Suggested Citation

  • Stavins, Robert & Hahn, Robert, 1999. "What Has Kyoto Wrought? The Real Architecture of International Tradable Permit Markets," Discussion Papers dp-99-30, Resources For the Future.
  • Handle: RePEc:rff:dpaper:dp-99-30
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    1. Fischer, Carolyn & Kerr, Suzi & Toman, Michael, 1998. "Using Emissions Trading to Regulate U.S. Greenhouse Gas Emissions: An Overview of Policy Design and Implementation Issues," National Tax Journal, National Tax Association;National Tax Journal, vol. 51(3), pages 453-464, September.
    2. Baumol,William J. & Oates,Wallace E., 1988. "The Theory of Environmental Policy," Cambridge Books, Cambridge University Press, number 9780521322249, April.
    3. Richard Schmalensee & Paul L. Joskow & A. Denny Ellerman & Juan Pablo Montero & Elizabeth M. Bailey, 1998. "An Interim Evaluation of Sulfur Dioxide Emissions Trading," Journal of Economic Perspectives, American Economic Association, vol. 12(3), pages 53-68, Summer.
    4. Toman, Michael & Powell, Mark & Lile, Ron, 1998. "Implementing the Clean Development Mechanism: Lessons from U.S. Private-Sector Participation in Activities Implemented Jointly," Discussion Papers dp-99-08, Resources For the Future.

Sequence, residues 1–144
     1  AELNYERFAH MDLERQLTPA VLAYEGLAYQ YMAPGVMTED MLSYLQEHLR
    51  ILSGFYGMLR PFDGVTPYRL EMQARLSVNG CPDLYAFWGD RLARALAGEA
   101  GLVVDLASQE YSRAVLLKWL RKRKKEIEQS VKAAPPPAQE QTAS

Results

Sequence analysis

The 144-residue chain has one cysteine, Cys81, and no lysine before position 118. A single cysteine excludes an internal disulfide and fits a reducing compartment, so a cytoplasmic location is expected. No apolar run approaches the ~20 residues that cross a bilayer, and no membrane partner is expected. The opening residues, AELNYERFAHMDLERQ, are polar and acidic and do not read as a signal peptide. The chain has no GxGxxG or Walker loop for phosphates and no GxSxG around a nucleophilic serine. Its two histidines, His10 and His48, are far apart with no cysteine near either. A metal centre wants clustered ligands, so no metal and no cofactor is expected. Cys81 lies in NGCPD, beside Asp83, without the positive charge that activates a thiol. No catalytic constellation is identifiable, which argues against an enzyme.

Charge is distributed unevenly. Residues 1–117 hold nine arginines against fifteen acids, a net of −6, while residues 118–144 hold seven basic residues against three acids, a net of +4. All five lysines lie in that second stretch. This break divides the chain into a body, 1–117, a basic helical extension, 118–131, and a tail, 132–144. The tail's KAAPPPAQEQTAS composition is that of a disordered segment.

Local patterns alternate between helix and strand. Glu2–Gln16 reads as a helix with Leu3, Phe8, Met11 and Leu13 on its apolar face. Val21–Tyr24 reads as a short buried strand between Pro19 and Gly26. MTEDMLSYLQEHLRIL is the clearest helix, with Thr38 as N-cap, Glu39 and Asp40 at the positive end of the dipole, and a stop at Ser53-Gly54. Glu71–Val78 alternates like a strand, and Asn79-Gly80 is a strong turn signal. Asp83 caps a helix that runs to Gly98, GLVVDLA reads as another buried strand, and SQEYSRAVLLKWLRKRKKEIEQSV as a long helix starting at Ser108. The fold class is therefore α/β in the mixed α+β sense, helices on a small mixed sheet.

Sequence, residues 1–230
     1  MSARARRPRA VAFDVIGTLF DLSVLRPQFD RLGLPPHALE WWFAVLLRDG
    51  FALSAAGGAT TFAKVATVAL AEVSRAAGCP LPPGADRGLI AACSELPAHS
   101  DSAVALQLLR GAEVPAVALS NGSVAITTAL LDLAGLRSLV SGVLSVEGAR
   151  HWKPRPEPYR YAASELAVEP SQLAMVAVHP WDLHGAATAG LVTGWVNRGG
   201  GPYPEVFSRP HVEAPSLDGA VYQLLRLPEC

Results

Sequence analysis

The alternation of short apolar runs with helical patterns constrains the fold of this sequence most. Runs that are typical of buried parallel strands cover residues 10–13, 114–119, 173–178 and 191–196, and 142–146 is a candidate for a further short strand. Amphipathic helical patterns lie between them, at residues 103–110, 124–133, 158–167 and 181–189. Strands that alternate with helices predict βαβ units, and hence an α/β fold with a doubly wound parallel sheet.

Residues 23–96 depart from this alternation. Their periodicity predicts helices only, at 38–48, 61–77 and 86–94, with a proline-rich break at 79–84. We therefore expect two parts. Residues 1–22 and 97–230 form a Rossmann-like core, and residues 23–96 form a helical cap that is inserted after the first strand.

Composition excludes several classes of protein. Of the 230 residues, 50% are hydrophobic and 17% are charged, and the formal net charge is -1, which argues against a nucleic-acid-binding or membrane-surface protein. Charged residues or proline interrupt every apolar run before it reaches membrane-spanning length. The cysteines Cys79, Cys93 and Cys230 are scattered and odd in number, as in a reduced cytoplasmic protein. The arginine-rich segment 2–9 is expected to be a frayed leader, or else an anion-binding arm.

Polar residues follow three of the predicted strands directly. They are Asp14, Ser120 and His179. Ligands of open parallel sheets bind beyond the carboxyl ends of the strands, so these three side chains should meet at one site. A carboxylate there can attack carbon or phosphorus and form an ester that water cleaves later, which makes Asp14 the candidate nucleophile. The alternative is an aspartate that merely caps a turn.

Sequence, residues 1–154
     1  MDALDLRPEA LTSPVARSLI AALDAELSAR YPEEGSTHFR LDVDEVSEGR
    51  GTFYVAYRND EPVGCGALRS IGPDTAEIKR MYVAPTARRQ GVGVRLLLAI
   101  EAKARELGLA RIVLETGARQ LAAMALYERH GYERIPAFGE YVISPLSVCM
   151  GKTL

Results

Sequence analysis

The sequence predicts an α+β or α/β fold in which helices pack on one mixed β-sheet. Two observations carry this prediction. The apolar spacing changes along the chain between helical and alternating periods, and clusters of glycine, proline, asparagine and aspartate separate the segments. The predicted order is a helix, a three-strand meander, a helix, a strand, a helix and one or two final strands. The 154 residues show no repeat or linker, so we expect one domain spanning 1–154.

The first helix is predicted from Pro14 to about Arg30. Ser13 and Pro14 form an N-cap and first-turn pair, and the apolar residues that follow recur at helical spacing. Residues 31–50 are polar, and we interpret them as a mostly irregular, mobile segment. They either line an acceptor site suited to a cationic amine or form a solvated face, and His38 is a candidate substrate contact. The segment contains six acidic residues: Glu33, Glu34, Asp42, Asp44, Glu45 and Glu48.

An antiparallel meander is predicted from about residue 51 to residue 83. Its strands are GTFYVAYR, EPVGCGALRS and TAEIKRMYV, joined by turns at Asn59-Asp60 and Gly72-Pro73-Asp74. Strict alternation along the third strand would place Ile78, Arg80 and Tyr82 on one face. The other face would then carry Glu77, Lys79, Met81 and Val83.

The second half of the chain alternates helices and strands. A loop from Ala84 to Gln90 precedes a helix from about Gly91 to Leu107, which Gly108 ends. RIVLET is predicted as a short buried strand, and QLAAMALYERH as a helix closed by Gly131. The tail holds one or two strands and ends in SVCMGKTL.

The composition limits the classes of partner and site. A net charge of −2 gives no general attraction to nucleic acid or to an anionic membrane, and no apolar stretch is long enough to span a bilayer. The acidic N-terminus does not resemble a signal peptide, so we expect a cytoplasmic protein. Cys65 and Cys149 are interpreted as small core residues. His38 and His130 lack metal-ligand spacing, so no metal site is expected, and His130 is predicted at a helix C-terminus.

5. Stavins, Robert, 1997. "Policy Instruments for Climate Change: How Can National Governments Address a Global Problem?," Discussion Papers dp-97-11, Resources For the Future.
    6. Barrett, Scott, 1998. "Political Economy of the Kyoto Protocol," Oxford Review of Economic Policy, Oxford University Press, vol. 14(4), pages 20-39, Winter.
    7. Bohm, Peter & Carlen, Bjorn, 1999. "Emission quota trade among the few: laboratory evidence of joint implementation among committed countries," Resource and Energy Economics, Elsevier, vol. 21(1), pages 43-66, January.
    8. Robert N. Stavins, 1998. "What Can We Learn from the Grand Policy Experiment? Lessons from SO2 Allowance Trading," Journal of Economic Perspectives, American Economic Association, vol. 12(3), pages 69-88, Summer.
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    Citations

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    Cited by: